The Olympic swimmer known as ‘the human fish’
Alan Ford was a 19-year-old Yale student when he broke five-time Olympic gold medalist Johnny Weissmuller’s world record of 51 seconds in the 100-yard freestyle, which had stood for 16 years. Ford became the first swimmer to break 50 seconds for that event—a barrier often likened to the four-minute mile.
Ford called himself “the human fish,” a title he borrowed from Weissmuller, said The New York Times. “He was, simply put, the fastest swimmer in the world.” Unlike more recent Olympic champions Mark Spitz and Michael Phelps, who were taller and leaner, Ford was a bullet-shaped 5-foot-9 athlete who weighed a muscular 170 pounds. Born in the Panama Canal Zone, where his father helped build the canal, he was 8 when he won his first swimming medal. He went on to swim for Yale, but the cancellation of the 1944 Summer Olympics, due to the war, cost Ford “his best chance at a gold medal.” He did win several national collegiate championships in the 50- and 100-yard freestyle events, and the 150-yard backstroke.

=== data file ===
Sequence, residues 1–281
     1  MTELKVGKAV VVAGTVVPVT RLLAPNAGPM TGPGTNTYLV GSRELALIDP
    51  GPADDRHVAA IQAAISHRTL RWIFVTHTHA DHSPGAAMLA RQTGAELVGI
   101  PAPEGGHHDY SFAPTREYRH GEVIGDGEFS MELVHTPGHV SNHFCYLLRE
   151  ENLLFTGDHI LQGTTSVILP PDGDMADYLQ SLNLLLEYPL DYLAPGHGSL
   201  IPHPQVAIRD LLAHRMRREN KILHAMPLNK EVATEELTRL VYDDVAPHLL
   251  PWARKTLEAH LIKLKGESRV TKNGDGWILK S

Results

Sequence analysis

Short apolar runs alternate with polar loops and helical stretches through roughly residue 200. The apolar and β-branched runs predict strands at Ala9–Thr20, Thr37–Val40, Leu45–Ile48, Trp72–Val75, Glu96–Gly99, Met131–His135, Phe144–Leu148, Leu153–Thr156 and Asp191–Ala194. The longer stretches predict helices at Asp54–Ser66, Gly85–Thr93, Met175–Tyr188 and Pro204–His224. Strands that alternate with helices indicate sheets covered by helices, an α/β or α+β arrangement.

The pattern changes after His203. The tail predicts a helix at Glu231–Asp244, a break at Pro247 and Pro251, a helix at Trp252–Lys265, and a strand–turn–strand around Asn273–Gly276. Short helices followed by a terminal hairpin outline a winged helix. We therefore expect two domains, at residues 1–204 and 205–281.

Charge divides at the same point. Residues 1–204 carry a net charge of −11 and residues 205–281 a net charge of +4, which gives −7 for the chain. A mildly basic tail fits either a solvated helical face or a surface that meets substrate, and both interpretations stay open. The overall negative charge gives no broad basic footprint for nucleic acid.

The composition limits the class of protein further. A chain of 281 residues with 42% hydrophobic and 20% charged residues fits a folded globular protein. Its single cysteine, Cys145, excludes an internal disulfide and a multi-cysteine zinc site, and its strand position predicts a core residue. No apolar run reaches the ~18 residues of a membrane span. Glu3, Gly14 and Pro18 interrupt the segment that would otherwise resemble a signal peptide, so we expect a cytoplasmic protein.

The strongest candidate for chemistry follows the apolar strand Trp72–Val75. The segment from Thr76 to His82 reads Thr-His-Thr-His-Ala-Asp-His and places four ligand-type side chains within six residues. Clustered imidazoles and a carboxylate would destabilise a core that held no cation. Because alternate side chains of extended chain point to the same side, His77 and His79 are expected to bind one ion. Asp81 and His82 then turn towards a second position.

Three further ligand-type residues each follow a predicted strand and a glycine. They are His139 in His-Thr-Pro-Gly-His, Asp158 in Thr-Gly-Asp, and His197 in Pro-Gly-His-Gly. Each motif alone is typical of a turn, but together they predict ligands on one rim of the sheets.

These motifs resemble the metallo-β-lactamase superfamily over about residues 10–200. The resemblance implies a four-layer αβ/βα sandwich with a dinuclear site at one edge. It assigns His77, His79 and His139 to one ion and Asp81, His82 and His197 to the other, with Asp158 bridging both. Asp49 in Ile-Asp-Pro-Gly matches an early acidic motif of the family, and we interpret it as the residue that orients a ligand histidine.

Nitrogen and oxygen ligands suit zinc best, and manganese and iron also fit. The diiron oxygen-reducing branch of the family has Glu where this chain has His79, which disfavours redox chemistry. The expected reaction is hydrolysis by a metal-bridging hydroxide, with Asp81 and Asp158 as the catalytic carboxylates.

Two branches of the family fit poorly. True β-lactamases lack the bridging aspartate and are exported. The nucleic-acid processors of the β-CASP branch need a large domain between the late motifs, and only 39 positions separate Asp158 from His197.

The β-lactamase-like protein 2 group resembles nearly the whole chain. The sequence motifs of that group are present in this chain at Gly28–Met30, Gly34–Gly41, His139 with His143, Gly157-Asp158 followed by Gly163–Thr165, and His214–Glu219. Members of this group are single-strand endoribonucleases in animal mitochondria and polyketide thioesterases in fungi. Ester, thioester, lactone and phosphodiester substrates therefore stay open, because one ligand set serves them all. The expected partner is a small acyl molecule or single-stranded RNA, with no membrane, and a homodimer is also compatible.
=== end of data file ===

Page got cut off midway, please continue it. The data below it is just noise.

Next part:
Ford decided in 1948 to try out again for the U.S. Olympic swim team, said the Sarasota, Fla., Herald-Tribune. Training intensively to rebuild his once-muscular frame, which had dwindled to 130 pounds, he made the team and captured the silver medal in the 100-meter freestyle event during the London games. Afterward he retired from swimming and worked in the U.S. and abroad, designing oil refineries. “Years of smoking later caught up with him and he developed emphysema,” which claimed his life.
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